The Loves of Joanna Godden
The Loves of Joanna Godden – 1947 | 89 mins | Drama | B&W
The Loves of Joanna Godden, which was adapted by H.E. Bates (with adjustments by Angus MacPhail, Ealing’s story supervisor) from a novel of Edwardian rural life by Sheila Kaye-Smith. Googie Withers played a high-spirited young woman whose father leaves her a sheep farm on Romney Marsh in Kent and who determines, against the odds, to run it herself. She refuses assistance from a neighbouring farmer, one Arthur Alce (John McCallum) and, encouraged by her new shepherd to whom she is attracted (Chips Rafferty, temporarily imported from Australia), she embarks on a disastrous breeding experiment which almost wipes out a pedigree flock. She becomes engaged to a pleasantly attractive man who is unlikely to dominate her (Derek Bond) but he is drowned before the marriage. She then realises that she would be best off with Alce, but learns that he has fallen for her flighty younger sister (Jean Kent) whom he marries. It is a total failure and, after the sister has run off, Alce and Joanna finally come together.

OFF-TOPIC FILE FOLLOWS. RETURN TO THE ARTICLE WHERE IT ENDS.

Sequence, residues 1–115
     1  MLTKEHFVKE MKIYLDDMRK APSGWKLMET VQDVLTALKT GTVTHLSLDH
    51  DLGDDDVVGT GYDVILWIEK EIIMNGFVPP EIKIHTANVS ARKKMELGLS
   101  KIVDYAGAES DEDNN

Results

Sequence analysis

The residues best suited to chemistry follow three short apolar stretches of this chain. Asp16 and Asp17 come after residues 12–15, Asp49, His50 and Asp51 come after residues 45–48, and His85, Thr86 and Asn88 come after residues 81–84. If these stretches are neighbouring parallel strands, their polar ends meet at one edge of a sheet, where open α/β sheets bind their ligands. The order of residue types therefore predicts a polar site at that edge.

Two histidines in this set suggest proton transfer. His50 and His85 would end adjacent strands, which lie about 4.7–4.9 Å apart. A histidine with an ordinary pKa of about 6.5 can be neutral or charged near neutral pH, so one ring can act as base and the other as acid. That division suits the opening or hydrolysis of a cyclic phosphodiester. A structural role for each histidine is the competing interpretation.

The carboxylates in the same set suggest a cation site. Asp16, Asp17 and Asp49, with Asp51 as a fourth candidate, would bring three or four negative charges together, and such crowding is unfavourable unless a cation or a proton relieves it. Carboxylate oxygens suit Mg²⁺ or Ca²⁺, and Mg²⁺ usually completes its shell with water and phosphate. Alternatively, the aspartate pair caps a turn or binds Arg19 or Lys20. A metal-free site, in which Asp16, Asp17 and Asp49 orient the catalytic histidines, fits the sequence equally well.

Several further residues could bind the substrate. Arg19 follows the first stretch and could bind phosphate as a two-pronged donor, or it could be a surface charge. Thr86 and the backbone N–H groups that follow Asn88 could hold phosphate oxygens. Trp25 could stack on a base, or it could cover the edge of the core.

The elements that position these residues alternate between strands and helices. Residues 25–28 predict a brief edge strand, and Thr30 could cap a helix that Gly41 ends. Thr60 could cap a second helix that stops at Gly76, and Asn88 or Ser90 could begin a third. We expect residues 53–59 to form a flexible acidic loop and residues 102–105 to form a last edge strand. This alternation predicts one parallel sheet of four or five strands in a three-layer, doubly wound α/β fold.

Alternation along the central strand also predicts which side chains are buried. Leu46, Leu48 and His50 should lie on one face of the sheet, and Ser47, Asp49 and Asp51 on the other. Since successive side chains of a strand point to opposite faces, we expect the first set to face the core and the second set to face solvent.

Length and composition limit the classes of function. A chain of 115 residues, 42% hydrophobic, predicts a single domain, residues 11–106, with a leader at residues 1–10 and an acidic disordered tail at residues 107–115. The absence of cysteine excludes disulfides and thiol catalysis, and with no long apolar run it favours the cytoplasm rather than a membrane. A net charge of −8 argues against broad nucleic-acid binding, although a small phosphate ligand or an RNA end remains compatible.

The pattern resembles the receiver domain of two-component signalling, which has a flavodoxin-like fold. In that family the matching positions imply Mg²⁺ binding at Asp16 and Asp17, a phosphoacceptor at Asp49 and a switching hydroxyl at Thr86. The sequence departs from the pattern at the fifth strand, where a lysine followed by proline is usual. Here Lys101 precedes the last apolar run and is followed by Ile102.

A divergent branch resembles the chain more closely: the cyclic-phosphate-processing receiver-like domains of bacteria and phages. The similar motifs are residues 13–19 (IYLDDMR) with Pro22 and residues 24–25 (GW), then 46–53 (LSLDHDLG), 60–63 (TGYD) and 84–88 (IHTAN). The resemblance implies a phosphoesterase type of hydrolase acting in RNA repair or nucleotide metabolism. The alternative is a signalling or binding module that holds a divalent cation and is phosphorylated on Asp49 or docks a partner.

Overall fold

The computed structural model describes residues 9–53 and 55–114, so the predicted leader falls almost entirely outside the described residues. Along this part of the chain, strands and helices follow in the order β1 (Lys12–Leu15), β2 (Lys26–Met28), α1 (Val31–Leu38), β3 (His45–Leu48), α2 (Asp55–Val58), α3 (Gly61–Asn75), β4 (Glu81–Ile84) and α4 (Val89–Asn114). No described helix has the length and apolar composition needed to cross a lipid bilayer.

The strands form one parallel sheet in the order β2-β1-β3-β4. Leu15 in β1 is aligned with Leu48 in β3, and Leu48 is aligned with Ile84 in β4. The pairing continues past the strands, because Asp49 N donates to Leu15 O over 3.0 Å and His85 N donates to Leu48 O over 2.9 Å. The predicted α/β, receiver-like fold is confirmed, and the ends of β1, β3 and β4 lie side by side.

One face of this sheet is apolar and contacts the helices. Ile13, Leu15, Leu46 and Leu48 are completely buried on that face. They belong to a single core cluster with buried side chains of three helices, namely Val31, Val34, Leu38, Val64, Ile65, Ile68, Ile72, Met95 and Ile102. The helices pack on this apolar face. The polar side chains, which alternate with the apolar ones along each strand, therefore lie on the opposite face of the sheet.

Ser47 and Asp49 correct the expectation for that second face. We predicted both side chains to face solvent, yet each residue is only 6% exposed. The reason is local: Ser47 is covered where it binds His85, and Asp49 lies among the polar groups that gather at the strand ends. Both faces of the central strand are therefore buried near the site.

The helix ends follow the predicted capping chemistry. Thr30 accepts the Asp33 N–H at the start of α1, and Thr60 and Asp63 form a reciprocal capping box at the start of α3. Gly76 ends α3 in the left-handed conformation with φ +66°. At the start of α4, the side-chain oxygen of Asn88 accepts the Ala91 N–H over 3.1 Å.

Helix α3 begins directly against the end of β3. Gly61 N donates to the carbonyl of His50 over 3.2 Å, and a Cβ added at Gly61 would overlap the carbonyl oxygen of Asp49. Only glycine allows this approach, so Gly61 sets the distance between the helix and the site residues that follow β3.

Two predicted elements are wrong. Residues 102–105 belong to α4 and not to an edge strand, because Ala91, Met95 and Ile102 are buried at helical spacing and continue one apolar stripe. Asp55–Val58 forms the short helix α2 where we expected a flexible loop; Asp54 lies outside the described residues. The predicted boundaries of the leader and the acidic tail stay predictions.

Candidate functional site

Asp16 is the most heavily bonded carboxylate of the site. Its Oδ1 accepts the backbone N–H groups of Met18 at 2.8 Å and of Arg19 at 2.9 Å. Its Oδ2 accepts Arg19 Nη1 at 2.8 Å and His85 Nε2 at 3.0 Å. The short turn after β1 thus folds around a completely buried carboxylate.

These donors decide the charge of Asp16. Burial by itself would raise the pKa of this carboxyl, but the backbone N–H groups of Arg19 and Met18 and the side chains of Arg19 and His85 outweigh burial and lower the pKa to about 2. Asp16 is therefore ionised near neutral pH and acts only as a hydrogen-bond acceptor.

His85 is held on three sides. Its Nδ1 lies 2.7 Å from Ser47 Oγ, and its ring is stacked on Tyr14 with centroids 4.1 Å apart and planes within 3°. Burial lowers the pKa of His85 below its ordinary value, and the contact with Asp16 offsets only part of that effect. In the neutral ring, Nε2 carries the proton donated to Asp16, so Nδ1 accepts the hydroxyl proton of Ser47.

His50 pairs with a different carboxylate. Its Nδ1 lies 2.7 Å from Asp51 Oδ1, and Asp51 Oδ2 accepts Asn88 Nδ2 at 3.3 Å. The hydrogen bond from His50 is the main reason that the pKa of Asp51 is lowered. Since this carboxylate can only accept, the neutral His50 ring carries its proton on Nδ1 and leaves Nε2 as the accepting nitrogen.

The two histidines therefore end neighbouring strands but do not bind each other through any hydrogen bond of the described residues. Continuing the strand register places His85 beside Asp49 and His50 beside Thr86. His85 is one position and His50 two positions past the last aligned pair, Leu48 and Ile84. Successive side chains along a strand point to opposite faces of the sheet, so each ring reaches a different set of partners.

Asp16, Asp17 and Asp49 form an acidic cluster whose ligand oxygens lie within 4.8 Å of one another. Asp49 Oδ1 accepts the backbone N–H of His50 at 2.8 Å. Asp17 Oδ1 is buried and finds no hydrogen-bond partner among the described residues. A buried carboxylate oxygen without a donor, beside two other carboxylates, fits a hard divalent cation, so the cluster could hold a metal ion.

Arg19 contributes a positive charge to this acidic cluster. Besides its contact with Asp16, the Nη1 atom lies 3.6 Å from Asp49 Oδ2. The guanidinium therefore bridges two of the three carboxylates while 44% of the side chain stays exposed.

Much of the film, which was directed by Charles Frend (some sequences are by Robert Hamer who deputised during a period when Frend was ill), was made on location on Romney Marsh, and a creditable attempt was made to show something of farm life. A sequence on the handling of an outbreak of foot-and-mouth disease in Alce’s stock was realistic and uncompromising. Googie Withers was considered by some critics to be too elegantly accoutred to be a farmer, but she gave the role considerable strength, and must be regarded as one of Ealing’s best actresses. Lionel Collier in Picturegoer defended her: “There may be complaints about expensive dresses and perfect grooming… but in my experience I have met a farmer’s wife who could have given points to a Mayfair beauty. And why not?.” One of Ealing’s acknowledged weaknesses was its treatment of women – few are more than ciphers or supports for the male leads, but Googie Withers managed on most occasions to take a dominant part. The choice of a quasi-feminist subject was certainly unusual, but could be seen as another attempt to explore a type of film not characteristic of Ealing’s output.
ExtractŠ George Perry: Forever Ealing.
Charles Frend: Director
Duncan Sutherland: Art Direction
Sidney Cole: Associate Producer
Douglas Slocombe: Cinematography
Michael Truman: Editing
Ralph Vaughan Williams: Music
Ernest Irving: Musical Director
Michael Balcon: Producer
HE Bates: Script
Angus MacPhail: Script
Lionel Banes: Special Effects
Cliff John Richardson: Special Effects